Hesperian Health Guides

Hesperian Health Guides

Healing Toxic Injuries

Every day 20,000 people visit the HealthWiki for lifesaving health information. If everyone gave just $5 we could translate 50 more chapters.

Make a giftMake a gift to support this essential health information people depend on.


HealthWiki > A Community Guide to Environmental Health > Chapter 16: Harm from Toxic Chemicals > Healing Toxic Injuries


Toxic chemicals are so widespread that it may seem impossible to be free of them, and to prevent and heal the illnesses they cause. However, people all over the world are developing new treatments for toxic injuries that combine modern medicine with traditional ways of healing.

Contents

Sambhavna Clinic

Since the 1984 chemical disaster in Bhopal, India, thousands of people there live with chronic health problems. These include breathing problems and fevers, and also reproductive problems, loss of vision, cancers, and birth defects in the next generation of children.

Perhaps the greatest lessons from the Bhopal disaster come from the people’s campaigns for health and justice. Sambhavna Clinic was built by survivors of the disaster and other volunteers to provide health care to the whole community. In seeking ways to relieve the severe health problems following the poison gas leak, the health workers discovered new medical treatments, proving that good care and creativity are the keys to healing toxic injuries.

How the clinic runs

The Sambhavna Clinic has treated more than 12,000 people for no charge. Half of the clinic staff are survivors of the Bhopal disaster. The clinic also carries out studies that are helping the world understand the long-term effects of chemicals.

In their own words, these are the guiding principles of Sambhavna clinic:

4 women speak.
Disaster survivors participate in monitoring community health. This is part of
the struggle for memory and against forgetting.
We run our own clinic without corporate charities, large grants from foundations, or government assistance.
People can and should be active participants in their own healing.
We can build hope in a situation of despair through creative and collective action!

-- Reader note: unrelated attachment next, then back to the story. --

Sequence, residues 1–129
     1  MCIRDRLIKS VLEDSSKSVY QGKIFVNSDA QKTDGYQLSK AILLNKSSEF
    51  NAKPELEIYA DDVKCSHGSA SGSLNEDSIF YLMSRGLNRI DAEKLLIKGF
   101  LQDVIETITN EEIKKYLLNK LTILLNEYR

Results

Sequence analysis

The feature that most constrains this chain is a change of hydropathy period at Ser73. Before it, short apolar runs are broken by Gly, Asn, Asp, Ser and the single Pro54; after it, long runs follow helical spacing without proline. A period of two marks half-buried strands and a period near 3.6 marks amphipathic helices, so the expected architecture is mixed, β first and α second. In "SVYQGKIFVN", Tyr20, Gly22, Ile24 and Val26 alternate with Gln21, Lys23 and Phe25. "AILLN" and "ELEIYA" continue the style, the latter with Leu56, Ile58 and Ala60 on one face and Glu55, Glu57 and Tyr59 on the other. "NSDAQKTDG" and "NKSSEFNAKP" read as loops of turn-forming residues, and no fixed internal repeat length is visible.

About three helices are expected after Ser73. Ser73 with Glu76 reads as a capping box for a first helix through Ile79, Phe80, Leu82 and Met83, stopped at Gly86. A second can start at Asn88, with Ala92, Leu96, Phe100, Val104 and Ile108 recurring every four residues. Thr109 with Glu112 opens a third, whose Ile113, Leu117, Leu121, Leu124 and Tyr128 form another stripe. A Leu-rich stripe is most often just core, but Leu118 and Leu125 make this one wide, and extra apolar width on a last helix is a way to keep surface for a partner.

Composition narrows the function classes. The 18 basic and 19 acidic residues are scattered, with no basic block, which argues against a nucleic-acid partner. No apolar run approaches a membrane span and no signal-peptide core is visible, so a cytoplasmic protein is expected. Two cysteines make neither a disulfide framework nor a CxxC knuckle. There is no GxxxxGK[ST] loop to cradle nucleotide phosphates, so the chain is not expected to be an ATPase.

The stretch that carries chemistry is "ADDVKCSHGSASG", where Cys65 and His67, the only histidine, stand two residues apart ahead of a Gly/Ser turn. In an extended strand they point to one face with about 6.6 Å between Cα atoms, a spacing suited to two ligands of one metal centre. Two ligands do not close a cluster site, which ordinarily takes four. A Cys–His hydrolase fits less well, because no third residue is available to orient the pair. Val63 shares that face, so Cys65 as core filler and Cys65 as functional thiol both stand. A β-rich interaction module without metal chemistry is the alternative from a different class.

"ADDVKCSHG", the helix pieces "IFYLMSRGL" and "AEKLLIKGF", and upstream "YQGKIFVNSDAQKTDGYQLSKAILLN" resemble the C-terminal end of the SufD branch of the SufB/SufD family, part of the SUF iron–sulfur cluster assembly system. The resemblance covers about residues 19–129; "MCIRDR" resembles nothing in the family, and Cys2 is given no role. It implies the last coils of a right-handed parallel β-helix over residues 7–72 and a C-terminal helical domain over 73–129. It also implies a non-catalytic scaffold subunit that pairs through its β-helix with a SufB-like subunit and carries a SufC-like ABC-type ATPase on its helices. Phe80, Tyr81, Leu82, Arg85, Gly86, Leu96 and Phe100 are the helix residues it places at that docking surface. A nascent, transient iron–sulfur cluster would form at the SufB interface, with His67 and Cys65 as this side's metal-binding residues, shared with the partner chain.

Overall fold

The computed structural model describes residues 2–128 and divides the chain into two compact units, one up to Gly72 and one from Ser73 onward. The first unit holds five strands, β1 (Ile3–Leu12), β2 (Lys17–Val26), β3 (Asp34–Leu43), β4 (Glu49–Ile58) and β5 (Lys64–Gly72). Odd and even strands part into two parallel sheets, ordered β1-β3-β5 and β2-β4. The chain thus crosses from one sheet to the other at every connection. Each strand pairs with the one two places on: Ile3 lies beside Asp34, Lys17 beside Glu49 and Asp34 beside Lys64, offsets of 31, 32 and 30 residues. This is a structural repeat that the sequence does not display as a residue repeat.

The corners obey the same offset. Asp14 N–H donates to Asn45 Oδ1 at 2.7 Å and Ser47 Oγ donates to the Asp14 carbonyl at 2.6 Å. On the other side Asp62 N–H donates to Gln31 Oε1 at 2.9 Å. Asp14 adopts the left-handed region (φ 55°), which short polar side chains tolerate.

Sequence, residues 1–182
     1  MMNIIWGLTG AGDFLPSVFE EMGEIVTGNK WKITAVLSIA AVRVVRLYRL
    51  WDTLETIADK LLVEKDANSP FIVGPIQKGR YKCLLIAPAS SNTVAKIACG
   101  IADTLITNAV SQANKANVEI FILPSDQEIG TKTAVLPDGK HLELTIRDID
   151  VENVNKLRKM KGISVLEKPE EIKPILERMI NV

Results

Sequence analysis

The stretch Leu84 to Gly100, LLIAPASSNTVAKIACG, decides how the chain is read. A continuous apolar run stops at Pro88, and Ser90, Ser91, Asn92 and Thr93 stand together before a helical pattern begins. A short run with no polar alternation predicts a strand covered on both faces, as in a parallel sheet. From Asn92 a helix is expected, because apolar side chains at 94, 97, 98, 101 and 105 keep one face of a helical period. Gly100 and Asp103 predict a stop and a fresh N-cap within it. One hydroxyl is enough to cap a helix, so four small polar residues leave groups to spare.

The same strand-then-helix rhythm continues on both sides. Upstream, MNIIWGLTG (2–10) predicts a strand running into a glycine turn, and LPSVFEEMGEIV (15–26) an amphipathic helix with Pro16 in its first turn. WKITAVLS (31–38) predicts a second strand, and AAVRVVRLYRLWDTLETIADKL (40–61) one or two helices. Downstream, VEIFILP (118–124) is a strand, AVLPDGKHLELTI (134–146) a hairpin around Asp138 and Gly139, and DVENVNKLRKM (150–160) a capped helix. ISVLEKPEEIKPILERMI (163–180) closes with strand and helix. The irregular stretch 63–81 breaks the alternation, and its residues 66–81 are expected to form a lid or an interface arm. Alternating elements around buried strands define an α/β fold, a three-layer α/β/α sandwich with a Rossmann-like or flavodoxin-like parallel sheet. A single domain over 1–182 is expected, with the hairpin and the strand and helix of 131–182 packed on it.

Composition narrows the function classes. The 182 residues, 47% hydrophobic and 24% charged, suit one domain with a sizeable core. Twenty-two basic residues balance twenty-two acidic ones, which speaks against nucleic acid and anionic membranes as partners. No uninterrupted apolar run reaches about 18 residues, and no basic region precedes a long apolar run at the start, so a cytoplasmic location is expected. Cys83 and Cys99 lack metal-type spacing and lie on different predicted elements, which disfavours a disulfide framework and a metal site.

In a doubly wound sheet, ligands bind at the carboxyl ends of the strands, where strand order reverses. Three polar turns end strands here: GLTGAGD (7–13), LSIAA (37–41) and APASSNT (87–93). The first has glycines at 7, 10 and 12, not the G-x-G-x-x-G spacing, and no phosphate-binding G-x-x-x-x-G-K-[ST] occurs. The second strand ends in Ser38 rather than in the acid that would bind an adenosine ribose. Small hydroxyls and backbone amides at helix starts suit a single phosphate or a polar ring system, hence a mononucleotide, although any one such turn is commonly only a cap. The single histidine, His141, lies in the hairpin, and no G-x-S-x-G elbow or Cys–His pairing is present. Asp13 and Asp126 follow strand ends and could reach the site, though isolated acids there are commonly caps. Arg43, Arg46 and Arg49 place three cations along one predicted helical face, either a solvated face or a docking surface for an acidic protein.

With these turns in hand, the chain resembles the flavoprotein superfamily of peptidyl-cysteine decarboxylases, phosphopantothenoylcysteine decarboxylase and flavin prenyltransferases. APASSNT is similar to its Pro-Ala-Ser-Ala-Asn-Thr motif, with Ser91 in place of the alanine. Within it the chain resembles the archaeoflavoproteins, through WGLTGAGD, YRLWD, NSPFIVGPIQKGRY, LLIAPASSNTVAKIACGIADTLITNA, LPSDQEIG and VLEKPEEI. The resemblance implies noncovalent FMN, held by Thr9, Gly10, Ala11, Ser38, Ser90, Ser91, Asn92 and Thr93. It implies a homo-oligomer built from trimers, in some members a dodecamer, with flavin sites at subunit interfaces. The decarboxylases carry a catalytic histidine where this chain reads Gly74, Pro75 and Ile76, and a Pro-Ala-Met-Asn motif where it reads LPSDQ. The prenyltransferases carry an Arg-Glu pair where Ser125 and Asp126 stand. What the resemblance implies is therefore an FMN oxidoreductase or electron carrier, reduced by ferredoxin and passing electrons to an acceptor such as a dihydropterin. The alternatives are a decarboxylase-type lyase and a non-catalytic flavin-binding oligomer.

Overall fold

Clinic treatments
A woman sits cross-legged with her eyes closed.
Many people practice yoga to improve the health of both mind and body.

Health workers at Sambhavna use many kinds of treatments, including herbal medicines and yoga, breathing and movement exercises that treat body, mind and spirit. Every person that comes to the clinic has a choice of which kind or combination of treatments they want to use. In this way, the clinic encourages people to participate in their own healing, and the health workers learn that different treatments work for different people.

A mental health worker treats problems such as panic attacks, disturbed sleep, depression, irritability, and impaired memory. Drugs may be given, though drugs with harmful effects are avoided. Herbal medicines, massage, and baths in hot water and medicinal oils are used to detoxify the body (cleanse by removing poisons).

Yoga helps heal the internal organs, manage pain, and control each person’s disease process. Though many survivors, especially Muslims who do not traditionally practice yoga, were skeptical at first, yoga has been found to be one of the most helpful treatments, particularly for people suffering from chronic diseases.

Finally, the clinic prepares and provides medicines using local herbs. All medicines are free of cost, and clinic workers provide information to make sure that people are well informed about what they are taking. The clinic is also built and maintained in a way that reduces toxic exposures.

Light radiates from a candle.

A candle against the darkness

The word Sambhavna means “possibility” in the Sanskrit and Hindi languages. Often, the people most affected by environmental disasters, such as in Bhopal, have little hope for recovery, justice, or for health. By using creativity, caring, and faith in the ability to heal, the health workers at Sambhavna have turned despair into hope.



en.hesperian.org
In other languages